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152mm TechnoSky Quark shots


Ewan
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Evening all,

Had a 2nd attempt today at grabbing some data, went a little better but still in need of practice hope you like them.

152mm TechnoSky Frac , 135mm D-ERF, 0.5 2" Reducer & Quark

10% from 1000 frames

 

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AR2524-For-Web.png

Thanks for looking.

 

PS :-  Might wanna move back 6' for the first image sorry my boob :-)

Edited by Ewan
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Excellent images Ewan, super close ups, had a stab yesterday but seeing was pants.

Keep eyeing up that Altair 152 now only £830.00 from Ian King, I'm never going to get a 10 Micron mount at this rate :)

Dave

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Very nice looking pics! You mention that an 135mm ERF was used. Does that mean the main 152mm objective was stopped down to 135mm?

Or are you imaging with the ERF placed inside the tube, so using the scope's full aperture?

 

Regards,

Pieter

Edited by pietervdv
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I know ERF filters get very expensive in larger sizes, that was not my question. I was asking where the ERF is installed in this telescope. In front of the objective or a distance behind the objective inside the tube.

For solar imaging aperture rules, so it certainly does have an impact if you stop down the aperture.

 

Pieter

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On ‎24‎/‎03‎/‎2016 at 22:08, pietervdv said:

I know ERF filters get very expensive in larger sizes, that was not my question. I was asking where the ERF is installed in this telescope. In front of the objective or a distance behind the objective inside the tube.

For solar imaging aperture rules, so it certainly does have an impact if you stop down the aperture.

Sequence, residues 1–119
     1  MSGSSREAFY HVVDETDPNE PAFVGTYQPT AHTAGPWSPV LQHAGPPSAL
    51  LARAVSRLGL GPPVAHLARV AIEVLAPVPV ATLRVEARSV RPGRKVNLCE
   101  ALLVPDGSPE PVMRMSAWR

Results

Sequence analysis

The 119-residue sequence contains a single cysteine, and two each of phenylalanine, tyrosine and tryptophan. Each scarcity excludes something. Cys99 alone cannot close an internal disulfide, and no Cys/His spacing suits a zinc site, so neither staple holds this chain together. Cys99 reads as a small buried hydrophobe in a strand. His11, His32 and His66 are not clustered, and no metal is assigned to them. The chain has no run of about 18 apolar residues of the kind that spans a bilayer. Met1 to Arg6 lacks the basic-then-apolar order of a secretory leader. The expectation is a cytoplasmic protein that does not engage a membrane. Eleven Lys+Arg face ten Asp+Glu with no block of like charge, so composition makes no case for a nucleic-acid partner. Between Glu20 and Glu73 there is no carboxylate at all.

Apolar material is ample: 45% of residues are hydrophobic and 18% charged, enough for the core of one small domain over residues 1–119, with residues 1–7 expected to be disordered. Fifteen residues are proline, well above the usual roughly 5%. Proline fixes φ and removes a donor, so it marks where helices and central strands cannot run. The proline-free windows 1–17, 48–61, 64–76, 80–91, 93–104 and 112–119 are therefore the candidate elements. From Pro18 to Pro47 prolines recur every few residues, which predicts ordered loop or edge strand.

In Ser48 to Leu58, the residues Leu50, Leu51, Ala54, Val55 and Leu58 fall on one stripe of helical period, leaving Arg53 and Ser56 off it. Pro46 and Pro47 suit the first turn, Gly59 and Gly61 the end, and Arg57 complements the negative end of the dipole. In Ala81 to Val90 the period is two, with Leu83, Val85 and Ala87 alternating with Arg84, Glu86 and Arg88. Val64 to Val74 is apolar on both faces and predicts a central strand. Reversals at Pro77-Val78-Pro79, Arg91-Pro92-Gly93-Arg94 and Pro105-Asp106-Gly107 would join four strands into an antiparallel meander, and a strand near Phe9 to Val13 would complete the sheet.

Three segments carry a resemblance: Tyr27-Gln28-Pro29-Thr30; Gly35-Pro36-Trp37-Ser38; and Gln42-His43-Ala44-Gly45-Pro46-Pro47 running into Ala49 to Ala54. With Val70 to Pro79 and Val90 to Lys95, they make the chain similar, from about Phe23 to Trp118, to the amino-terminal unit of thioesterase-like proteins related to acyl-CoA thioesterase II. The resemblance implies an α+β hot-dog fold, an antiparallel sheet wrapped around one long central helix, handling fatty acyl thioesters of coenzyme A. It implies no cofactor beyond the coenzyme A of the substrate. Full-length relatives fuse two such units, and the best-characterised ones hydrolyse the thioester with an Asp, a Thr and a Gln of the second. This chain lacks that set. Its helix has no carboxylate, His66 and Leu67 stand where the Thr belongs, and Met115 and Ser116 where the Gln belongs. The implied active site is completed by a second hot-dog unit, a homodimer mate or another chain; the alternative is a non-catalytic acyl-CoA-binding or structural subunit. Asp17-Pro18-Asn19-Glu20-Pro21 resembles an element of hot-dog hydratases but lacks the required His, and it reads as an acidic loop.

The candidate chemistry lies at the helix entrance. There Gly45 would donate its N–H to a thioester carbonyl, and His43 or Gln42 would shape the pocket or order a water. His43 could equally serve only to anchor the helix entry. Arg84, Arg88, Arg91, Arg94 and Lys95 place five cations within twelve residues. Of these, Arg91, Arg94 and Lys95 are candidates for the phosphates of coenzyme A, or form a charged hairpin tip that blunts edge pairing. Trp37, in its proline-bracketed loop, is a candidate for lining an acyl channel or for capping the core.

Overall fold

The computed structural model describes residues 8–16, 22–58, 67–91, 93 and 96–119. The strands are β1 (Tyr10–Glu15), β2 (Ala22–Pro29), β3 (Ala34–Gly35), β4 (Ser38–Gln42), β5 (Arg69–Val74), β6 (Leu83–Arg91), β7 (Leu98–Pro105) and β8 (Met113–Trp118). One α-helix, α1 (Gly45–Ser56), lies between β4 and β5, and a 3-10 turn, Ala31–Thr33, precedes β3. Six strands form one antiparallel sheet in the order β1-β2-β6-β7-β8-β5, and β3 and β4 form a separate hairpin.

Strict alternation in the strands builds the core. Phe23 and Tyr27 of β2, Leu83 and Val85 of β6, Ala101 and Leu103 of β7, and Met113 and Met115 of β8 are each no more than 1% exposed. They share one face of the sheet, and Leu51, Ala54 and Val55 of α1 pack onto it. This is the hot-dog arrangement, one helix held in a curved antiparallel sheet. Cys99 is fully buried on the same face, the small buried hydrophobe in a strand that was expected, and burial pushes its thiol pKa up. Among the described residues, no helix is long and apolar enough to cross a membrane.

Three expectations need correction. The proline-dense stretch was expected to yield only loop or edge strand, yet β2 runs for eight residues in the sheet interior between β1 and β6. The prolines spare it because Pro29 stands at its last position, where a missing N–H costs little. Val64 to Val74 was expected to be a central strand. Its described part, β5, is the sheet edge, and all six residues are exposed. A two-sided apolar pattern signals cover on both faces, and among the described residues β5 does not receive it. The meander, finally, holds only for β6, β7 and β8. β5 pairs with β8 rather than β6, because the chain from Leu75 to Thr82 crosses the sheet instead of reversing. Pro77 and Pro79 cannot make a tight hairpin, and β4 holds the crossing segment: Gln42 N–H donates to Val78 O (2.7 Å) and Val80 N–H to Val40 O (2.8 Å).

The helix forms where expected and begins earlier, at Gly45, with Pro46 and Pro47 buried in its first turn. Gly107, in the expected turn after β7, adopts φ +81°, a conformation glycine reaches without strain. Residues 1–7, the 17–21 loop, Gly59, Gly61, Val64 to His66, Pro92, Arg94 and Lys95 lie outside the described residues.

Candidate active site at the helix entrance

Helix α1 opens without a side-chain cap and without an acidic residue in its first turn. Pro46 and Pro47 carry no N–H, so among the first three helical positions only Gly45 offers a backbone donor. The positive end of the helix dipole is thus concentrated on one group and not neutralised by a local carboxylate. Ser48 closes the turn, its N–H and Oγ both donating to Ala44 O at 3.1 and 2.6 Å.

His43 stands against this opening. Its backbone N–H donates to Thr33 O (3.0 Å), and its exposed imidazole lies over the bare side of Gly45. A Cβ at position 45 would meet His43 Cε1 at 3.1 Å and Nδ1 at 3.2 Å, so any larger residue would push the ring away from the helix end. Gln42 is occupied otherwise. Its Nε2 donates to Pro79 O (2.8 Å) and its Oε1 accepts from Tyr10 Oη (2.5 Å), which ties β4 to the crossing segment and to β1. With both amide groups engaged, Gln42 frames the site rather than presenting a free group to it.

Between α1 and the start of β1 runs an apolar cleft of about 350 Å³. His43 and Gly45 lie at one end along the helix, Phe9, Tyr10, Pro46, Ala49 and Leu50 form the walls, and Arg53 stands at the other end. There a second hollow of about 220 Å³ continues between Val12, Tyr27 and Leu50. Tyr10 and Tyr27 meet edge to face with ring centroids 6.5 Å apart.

Pieter

Yes aperture does rule..........most of the time but not all.

Yes it is a front mounted 135mm D-ERF from Baader, specially made to suit the dew shield size so it fits like a glove.

As the frac is F5.9 Rupert at Astrograph worked out the 135mm was optimal size for the Quarks ideal F ratio to work best.

Also seeing plays a big part & here in the UK the gain I would have got going from 135mm to 160mm would have been negligible.  The current inside the tube is meant to stay very cool so less interference from air current as well.

The cost wasn't an issue but wasting money was tbh.

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Just found the reply by Rupert as to why the 135mm was optimal for me.

'Hi Guys

Just to respond about the reason for recommending a 135mm ERF for the 152 instead of the full size (in this case it would have been a 160mm).

1) This 152 is a native F5.9. When used with a Quark that results in an effective F25.3. This will result in the Quark working at probably its least efficient as light is not passing through the etalon parallel. With the aperture reduced to 135mm the F ratio becomes 28.7 which is low enough to get the Quark working as well as it is going to resulting in a narrower bandpass and hence more contrast of surface features. Tests have shown that a 0.5A rear mounted filter running at F25 acts more like a 0.7A filter.

2) Seeing affects observing and imaging by a large amount. If we were all able image from perfect locations we could benefit from large apertures. In the real world we are surrounded by all sorts of things which interfere. It is generally accepted that the upper limit for reliable seeing is about 130mm. That does not mean to say a larger aperture won't deliver better results but it does mean it will be the exception rather than the rule. Therefore a 135mm solar scope should deliver results that are as good as you can possibly get most of the time.

3) Its a heck of a lot cheaper to buy the 135mm and cell!'

 

And I also found this a very good read in case anyone is looking at buying a similar set up.

http://www.daystarfilters.com/inout_article_base/index.php?page=view/article/7/About-Seeing-Limitations-and-Resolution

Hope this is of help to some.

 

Thanks Robin as well mate glad you liked them.

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